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2021 Big Break Grand Prize Winner David Page on keeping the file open

April 12, 2022
5 min read time

David Page isn’t a stranger to prestigious screenwriting contests. As a multi-quarter finalist, semi-finalist and finalist for contests like The Academy Nicholl Fellowship, the PAGE Awards, ScreenCraft and the Austin Film Festival, Page’s scripts are racking up the accolades. More recently, he’s been named the overall winner in the feature category of the Big Break Screenwriting Contest® .

He said he got inspiration from Raiders of the Lost Ark, a movie he watched 10 times in the movie theater.

“When I look back, I got inspired by that,” Page explained. “I was also very intrigued by the big push for horror in the ‘80s. That was the first Friday the 13th movie. Alien was the original Alien and was around that time. And I didn't know what I was doing.”

He might’ve not known what he was doing, but he knew that he wanted to write.

“The first movie I wrote was an absolutely terrible horror movie,” he said. “This was the beginning of what Roger Ebert called the ‘dead teenager movies.’

He explained, “I had 13 incredibly ridiculous gory deaths being done by the janitor at a university. He could get around in the tunnels underneath the school where the steam pipes were. I forget what his motivation was. Whereas the hero was a writer for the student school paper who ended up in the final confrontation. But it was bad.”

He added that the action movie he wrote next was also “bad.”

This is the fantastic thing about writing. We all start somewhere, and those who keep at it and hone their craft can start to build their writers’ toolbox and portfolio of contest-winning scripts. In Page’s toolbox are industry consultants Lee Jessup and Pilar Alessandra.

“In my brief [Big Break Awards] speech, I gave a shout out to Pilar,” he said. “She's wonderful. And for my next script, I'm going to continue to work with Lee, including on how to hopefully make the most of this contest.”

Making the most of his Big Break win for his feature sci-fi fantasy, Head Games, will include enjoying the incredible prize package.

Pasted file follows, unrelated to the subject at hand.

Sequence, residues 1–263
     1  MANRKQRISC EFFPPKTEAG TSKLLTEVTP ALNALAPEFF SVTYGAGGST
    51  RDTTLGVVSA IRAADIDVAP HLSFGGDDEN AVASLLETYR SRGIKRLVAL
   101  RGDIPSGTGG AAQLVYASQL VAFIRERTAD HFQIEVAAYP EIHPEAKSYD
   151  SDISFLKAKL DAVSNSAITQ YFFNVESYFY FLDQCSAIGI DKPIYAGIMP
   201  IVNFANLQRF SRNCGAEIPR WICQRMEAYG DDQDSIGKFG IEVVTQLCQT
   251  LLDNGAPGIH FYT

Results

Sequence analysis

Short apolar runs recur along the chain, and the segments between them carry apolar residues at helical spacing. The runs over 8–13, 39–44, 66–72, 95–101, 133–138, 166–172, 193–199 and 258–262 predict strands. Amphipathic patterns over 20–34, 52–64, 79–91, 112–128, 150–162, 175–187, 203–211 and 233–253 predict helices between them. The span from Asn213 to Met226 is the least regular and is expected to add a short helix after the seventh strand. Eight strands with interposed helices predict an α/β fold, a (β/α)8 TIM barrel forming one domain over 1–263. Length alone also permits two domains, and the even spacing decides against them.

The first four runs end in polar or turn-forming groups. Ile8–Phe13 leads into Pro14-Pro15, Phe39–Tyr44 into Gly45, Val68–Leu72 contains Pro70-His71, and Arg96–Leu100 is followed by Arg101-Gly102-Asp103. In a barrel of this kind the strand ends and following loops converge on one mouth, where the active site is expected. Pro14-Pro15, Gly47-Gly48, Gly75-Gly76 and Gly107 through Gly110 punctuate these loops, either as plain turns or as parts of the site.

When deciding whether to enter the contest or not, Page ultimately concluded “that Final Draft is a big deal.”

“I had tweaked the script to tighten it up,” he continued. “I sent it into Final Draft and it kind of, gradually went up the ladder. I was very happy when it was one of the top three in its category. And then happier still when it was the finalist in its category.”

He recalled feeling hesitant of his possible win, until he got a call from Heather with Final Draft.

“I remember when she [Heather] called me,” he said. “I said, ‘I think I need to sit down whether this is good news, bad news, or no news.’ I sat down and she said, ‘You won.’”

“I was kind of in shock,” he continued. “To be honest, I had forgotten how generous the prize package was. But I’m going to be going to L.A. and I presume meet some people. [There’s a] UCLA Extension course I've signed up for. There are half a dozen other pretty nice things here. And there was new Final Draft software.”

“I really am flying high,” Page concluded.

Page recalled attending one of life Tony Robbins’ events and walking over fire, feeling as if he had “renewed hope; optimism.” He said he feels the same about his new award title.

While Page is savoring his win, he recognizes that his “main job is to keep creating content.” At the moment, he is working on several scripts at once, including a new feature thriller.

“I really like inventive action heroes who use their brains to get out of situations,” he said as opposed to their physical strength.

“A guy at the Austin Film Festival pointed out that if you were writing action back in the early days of the James Bond movies, for example, it was easy to come up with action that nobody had done before,” Page said. “Now we've had 100 years of cinema, the last 50 of which have had a boatload of action movies, and it's tough to come up with a new chase, a new fight, a new anything action-oriented that hasn't been done a bazillion times. So, I like that challenge and I think I've done that in my scripts. And I would be happy to continue doing it.”

He advises writers to “just open the file.” He looks to the words of Scott Adams, the creator behind the Dilbert comic strip.

“One of the things he says is, ‘Don’t say I'm going to exercise today. He says to say I'm going to the gym today. If I go to the gym, and I really feel like I don't want to exercise. I can bail. Okay, and he's done that maybe two or three times a year. Otherwise, it’s I'm here, I might as well exercise, so I'm sort of that way with opening the file.”

“Sit in your chair and just open the file,” Page said. “I guess you could walk away if you really just sit there for an hour and do nothing. You could walk away, but you're probably not going to do that. Type something. Some people call it the vomit draft. Anything you type can be thrown away. Don't worry about it. Just do something.”

Just opening the file has worked for Page so far, and we can’t wait to see to what heights that tactic takes our 2021 Big Break winner.

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